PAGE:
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I also think that one of the things that was very important to me about this show, and when I pitched it, was that we age the characters up. The original characters were 16, and I really believe that for my generation, our true coming of age is happening later. This idea of figuring out who we are and who we want to be, is happening over and over and over throughout our twenties and into our thirties. I think that an experience with a woman doesn’t make Alex any less a gay man. And I think that was sort of a surprising reaction to me, was that people felt that we were stripping him of his identity. I think that really what we were doing was just telling a story about the way that love gets messy when sex is brought into the equation. And that’s his love for Alex, Michael’s love for Alex, Alex’s love for Maria, Maria’s love for both of them. I thought that was messy, for sure. I’m not saying it’s healthy. I think I’m going to add a disclaimer on Roswell, New Mexico, that’s like, “This is not a guidebook for how to be a bisexual man. This is not a guide book for how to be a gay man. This is not a guidebook for how to be a decent, healthy person.” It’s certainly messy and certainly not the healthiest way to deal with it, but I did feel that it really came from a place of love and connection. So I stand by it. I’m proud of it. I think that it’s something that made me feel like there’s a lot more work to be done.

Nice. I like that.

I’m not saying it was awesome to read some of my comments. It was the first time since Roswell started that I got death threats. But if stuff scares people, it’s a sign that I’m knocking on the right door.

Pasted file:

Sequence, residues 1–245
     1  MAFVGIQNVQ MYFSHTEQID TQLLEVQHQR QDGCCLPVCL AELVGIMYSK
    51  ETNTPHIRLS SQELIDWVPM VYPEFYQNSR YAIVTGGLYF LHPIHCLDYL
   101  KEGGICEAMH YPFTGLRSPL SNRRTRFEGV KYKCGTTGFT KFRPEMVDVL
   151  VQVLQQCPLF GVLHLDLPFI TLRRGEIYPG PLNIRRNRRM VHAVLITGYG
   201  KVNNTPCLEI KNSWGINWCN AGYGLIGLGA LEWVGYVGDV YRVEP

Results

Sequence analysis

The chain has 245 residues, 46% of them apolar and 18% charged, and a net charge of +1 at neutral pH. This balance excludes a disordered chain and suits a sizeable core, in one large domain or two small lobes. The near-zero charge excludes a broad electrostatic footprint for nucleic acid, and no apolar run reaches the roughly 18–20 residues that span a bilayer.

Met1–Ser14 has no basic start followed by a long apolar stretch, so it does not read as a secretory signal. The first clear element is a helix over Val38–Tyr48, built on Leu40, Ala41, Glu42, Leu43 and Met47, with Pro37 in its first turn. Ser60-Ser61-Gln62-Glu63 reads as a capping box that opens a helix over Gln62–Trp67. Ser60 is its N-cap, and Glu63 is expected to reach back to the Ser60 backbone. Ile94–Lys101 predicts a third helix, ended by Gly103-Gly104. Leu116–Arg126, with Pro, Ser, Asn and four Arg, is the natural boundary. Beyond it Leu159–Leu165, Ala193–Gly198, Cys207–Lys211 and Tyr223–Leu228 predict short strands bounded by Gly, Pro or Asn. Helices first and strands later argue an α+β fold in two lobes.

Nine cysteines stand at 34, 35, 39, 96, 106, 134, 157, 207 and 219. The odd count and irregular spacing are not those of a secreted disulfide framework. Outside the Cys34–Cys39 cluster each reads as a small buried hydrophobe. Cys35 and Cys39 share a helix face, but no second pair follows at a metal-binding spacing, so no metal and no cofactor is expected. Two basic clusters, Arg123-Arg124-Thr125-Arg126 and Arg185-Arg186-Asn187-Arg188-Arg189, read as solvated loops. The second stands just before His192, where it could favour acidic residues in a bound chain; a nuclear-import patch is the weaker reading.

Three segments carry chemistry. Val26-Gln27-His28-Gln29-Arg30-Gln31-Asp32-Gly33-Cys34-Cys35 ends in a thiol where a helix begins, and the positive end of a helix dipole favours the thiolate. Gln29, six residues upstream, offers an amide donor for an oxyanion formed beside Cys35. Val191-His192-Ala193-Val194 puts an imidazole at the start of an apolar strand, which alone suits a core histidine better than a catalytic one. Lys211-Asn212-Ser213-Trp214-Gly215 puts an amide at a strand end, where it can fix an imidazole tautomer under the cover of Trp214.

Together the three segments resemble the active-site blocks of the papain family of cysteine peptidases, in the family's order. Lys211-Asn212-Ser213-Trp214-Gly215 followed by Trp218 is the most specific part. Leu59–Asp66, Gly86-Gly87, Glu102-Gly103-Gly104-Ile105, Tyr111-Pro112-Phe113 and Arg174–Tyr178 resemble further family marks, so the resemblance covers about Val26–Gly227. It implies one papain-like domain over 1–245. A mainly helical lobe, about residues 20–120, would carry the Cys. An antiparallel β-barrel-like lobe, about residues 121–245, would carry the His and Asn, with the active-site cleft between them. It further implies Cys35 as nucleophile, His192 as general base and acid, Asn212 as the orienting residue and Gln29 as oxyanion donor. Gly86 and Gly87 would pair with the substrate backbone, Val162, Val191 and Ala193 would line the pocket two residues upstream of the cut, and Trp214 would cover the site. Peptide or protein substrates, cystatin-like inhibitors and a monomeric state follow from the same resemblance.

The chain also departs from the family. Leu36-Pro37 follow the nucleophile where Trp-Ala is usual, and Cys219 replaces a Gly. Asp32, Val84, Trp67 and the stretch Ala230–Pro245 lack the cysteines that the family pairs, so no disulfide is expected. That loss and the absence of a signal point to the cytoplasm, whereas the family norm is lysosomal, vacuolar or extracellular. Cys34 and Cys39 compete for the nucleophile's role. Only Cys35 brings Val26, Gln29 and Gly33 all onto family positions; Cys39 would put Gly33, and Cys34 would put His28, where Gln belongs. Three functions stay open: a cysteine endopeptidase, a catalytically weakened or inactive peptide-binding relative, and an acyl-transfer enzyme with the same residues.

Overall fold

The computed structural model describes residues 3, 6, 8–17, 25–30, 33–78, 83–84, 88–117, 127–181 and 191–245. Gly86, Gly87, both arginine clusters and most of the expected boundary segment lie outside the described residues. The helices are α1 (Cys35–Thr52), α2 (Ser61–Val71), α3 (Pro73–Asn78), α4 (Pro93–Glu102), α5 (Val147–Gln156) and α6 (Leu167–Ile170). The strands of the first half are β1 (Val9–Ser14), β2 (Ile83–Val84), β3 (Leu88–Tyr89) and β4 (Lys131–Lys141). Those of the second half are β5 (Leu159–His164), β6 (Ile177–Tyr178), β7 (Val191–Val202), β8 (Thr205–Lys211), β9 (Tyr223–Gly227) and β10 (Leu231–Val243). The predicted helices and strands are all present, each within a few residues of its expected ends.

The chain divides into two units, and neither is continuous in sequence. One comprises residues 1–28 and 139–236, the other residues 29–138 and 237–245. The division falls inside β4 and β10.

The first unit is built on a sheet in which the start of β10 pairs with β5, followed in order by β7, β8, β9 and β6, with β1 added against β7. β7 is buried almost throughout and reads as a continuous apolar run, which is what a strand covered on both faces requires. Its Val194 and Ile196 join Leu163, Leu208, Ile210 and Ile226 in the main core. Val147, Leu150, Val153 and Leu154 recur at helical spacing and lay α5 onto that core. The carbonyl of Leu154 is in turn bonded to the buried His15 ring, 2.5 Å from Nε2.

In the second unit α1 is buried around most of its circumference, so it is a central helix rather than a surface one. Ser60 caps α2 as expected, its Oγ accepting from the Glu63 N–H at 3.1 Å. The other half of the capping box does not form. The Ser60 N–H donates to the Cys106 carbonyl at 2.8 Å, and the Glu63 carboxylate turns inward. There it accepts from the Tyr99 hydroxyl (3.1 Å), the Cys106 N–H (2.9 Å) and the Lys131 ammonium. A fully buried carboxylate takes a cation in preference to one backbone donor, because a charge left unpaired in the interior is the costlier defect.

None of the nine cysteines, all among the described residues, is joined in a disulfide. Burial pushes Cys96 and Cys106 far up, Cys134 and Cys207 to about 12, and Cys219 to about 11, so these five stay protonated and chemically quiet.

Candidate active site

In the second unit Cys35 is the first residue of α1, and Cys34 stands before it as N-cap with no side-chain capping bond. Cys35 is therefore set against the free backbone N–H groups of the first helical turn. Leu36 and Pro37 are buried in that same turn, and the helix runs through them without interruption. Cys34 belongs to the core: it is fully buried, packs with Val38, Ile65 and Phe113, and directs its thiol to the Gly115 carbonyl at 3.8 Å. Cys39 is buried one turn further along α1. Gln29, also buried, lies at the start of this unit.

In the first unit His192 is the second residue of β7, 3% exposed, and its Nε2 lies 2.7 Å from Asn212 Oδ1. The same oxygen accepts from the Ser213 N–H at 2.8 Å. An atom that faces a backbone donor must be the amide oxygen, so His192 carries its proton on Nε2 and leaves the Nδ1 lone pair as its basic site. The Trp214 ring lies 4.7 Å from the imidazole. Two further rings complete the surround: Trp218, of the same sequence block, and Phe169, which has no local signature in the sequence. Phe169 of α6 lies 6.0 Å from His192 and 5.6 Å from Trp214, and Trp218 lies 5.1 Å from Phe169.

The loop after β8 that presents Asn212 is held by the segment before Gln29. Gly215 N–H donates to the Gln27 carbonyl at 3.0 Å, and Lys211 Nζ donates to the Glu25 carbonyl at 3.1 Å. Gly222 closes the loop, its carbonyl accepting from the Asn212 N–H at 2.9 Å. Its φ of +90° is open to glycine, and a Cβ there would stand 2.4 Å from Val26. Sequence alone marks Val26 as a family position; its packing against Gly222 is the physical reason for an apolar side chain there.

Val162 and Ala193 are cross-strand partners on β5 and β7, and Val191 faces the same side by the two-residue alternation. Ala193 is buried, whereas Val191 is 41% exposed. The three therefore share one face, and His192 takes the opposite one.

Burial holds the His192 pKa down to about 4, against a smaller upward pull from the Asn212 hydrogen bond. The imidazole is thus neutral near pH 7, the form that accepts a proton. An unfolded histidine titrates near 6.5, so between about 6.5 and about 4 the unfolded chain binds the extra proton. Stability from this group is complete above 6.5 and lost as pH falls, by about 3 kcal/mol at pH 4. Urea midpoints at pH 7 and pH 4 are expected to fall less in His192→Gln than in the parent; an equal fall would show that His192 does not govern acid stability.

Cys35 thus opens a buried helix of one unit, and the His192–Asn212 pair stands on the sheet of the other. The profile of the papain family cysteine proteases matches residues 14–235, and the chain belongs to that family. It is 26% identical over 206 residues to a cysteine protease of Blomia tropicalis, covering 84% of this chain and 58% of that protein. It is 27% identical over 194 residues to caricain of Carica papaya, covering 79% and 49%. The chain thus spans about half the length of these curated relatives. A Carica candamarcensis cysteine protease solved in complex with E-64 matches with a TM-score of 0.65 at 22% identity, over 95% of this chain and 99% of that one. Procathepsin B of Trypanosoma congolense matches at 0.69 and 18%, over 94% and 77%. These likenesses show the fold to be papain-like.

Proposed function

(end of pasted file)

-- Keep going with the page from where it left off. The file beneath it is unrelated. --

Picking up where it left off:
Were you able to finish production on Season 2?

Yes. We were in the thick of post-production when the world came to a screeching halt. But we really got ahead of it, we got microphones to our actors’ houses so they could record ADR in quarantine. I’m really proud of how these last episodes came together.

How far into pre-production are you on Season 3?

Well, we did about two months in the writer’s room and then we actually had to shut the writer’s room down, because we don’t know when we’re going into production. So right now we’re on a pause, but we’re pretty optimistic that we’ll get to go back to filming in the fall.

Can you tease what’s ahead for the rest of the season?

Yes. We have CrashCon coming to Roswell. UFO Con is really famous in Roswell, New Mexico and we wanted to do our own version. So we have the whole town is in CrashCon mode, and then we have a closing night carnival, which was so fun to shoot because we actually got to shoot at a carnival for four days, fried Oreos and all. But a very scary threat closes in on the busiest night of the year in Roswell and Liz (Jeanine Mason) is faced with some difficult choices as to whether to save a few people that she loves, or whether to save an entire town. She can’t do everything at once and it changes things in Roswell forever. One more thing that I want to tease, specifically speaking to the Alex and the queer storylines, is that the song that Alex has been writing all year, he finally plays in full in the finale, and that’s the song I wrote with my friends, Leslie Powell and Charlie Snyder. It’s a really beautiful moment and all of my royalties are going to The Trevor Project. Once that thing hits iTunes and Spotify, hopefully, it’ll do some good for the show and do some good for the world.

If you go back to Planet 7 in Season 3 I would love to see a drag number.

Our original pitch had Orville Peck there. So we’re already on your level. We eventually got an Orville Peck song in the episode, but we really wanted him to make an appearance. After we had pitched that moment I went to Austin City Limits, and he [Orville] was playing as I walked into the festival and I was like, “Here it is. This is fate. He won’t come do my show [laughs], but…”

Roswell, New Mexico two-part season finale begins Monday, June 8, on the CW.

I write about drag queens. Dolly Parton once ruffled my hair and said I was "just the cutest thing ever."